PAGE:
By MADDY VITALE
Francis X. McCormac is a decorated U.S. Army veteran – and for the last 16 years he has made Ocean City his home.
The serviceman who rose to the rank of sergeant is one of a dwindling number of World War II veterans still alive.
On May 18 he turns 100. That milestone is one of many significant accomplishments McCormac has had in his lifetime. To celebrate his birthday, his daughter, Maureen McCormac and her wife, Kay Jacobs, of Ocean City, are hosting a drive-by birthday parade for him.
The event will be held on Saturday, May 22. People will gather at the Ocean City Tabernacle at 550 Wesley Ave. at noon with a start time of 1 p.m.
Family and friends in the community will show support for the veteran. Members of the police and fire departments will also participate. The line of vehicles will drive past McCormac’s home at Fourth Street and West Avenue, where he will be waiting outside to greet his well-wishers, Jacobs said.
Last year Maureen McCormac and Jacobs honored McCormac with a parade in which 90 cars drove by his home beeping their horns and waving.
“We want to expand upon the success of last year’s 99th birthday parade and have 100 participants,” Jacobs said Tuesday. “My wife, Maureen McCormac, and I are so proud of his service to this country and thankful that he has reached this incredible milestone in such great health and with mental acuity.”
McCormac achieved great success in both his military and civilian life. He is a father of seven, grandfather and great-grandfather.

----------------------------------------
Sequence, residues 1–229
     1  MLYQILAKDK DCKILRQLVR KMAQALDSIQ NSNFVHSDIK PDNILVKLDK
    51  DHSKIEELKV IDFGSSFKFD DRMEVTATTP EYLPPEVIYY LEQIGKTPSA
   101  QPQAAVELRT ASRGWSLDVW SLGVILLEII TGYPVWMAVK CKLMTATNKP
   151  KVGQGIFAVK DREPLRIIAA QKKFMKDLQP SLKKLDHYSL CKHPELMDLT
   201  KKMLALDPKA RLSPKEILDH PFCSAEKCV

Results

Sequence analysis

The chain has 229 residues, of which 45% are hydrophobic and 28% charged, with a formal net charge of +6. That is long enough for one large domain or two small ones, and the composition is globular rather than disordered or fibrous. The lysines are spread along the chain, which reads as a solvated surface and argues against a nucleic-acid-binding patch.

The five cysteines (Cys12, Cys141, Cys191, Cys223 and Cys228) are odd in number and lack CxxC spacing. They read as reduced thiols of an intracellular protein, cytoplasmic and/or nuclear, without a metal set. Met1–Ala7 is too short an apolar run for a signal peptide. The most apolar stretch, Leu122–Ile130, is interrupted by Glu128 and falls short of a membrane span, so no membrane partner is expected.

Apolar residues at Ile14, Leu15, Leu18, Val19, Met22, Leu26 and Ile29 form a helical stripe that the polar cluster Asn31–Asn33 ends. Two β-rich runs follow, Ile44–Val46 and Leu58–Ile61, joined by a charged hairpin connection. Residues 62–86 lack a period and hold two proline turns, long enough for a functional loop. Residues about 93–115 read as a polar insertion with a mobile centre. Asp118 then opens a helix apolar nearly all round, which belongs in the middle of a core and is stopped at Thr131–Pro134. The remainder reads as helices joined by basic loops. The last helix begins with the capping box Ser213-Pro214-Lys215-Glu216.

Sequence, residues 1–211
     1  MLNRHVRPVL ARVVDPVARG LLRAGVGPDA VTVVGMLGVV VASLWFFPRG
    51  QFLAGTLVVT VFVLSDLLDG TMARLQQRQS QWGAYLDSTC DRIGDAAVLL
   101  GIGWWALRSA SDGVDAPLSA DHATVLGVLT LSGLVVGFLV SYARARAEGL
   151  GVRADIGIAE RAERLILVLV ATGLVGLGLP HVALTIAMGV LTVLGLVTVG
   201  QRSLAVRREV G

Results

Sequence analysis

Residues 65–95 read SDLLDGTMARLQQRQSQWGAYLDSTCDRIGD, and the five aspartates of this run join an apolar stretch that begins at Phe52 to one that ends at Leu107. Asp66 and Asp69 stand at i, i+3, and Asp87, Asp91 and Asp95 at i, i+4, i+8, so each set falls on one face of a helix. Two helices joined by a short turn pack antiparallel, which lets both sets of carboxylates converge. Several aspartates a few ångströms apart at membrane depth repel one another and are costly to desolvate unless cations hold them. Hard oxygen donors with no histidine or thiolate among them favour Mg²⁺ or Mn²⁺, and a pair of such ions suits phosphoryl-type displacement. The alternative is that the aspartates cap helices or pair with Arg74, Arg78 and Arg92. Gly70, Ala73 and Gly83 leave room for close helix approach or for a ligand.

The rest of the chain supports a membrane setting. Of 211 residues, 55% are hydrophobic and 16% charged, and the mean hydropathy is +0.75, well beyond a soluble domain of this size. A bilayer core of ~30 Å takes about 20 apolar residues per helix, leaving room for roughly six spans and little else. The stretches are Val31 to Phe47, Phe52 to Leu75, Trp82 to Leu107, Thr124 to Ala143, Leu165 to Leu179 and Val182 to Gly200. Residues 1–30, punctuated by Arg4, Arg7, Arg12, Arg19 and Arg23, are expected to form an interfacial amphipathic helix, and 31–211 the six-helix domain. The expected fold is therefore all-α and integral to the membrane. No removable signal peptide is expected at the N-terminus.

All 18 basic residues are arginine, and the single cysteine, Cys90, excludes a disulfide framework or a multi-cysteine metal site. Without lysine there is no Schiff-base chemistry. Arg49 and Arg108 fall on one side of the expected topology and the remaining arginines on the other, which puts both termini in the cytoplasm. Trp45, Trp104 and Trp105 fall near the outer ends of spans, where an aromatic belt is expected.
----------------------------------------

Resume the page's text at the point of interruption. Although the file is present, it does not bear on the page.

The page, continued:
He is able to say that he married the love of his life, Esther, to whom he spent 70 years before her passing in 2016.
McCormac entered the service in Massachusetts and was then shipped out to Scotland. From there, he landed on Omaha Beach, followed by deployments to Belgium and Germany, including for the Battle of the Bulge, according to a news release.
He has achieved many milestones.
Last year he was presented by the French Consulate with the highest honor — a Chevalier (Knight) of France’s National Order of the Legion of Honor.
It is an honor given to civilians or military members, created in 1802 by Napoleon to recognize men and women who have accomplished exceptional deeds for France and its people.
The award was for McCormac’s service from 1942-45 as a signal corpsman, most notably during the D-Day invasion of Omaha Beach in Normandy.
During the Battle of the Bulge, McCormac’s Northern France radio relay unit informed U.S. Army units of the Nazis ruse of dressing in GI uniforms and posing as Military Police to misdirect Allied troops. Those messages were critical in stopping the Nazi efforts.
While it took many years to receive the award, he said in an interview at the time that he was humbled.
In 2004, on the 60th anniversary of D-Day, then-French President Jacques Chirac decided to honor all American WWII veterans who had fought on French soil, including McCormac.
During his time in the military he received the European African Middle Eastern Service Ribbon, the Good Conduct Medal and the Meritorious Unit Award.
Throughout his lifetime, he has remained humble about his accomplishments, family has said.
When interviewed last July at the home of Maureen McCormac’s and Jacobs’ home, prior to the honor being bestowed upon him by the French Consulate, he told OCNJDaily.com what it means to him to have the award.
He gave a glimpse into how understated someone could be despite accomplishing so much in a lifetime.
“I don’t talk about it,” McCormac said of his time serving in the war. “I’m just glad I made it – that’s all. I don’t talk about it, but I’m proud that I served my country.”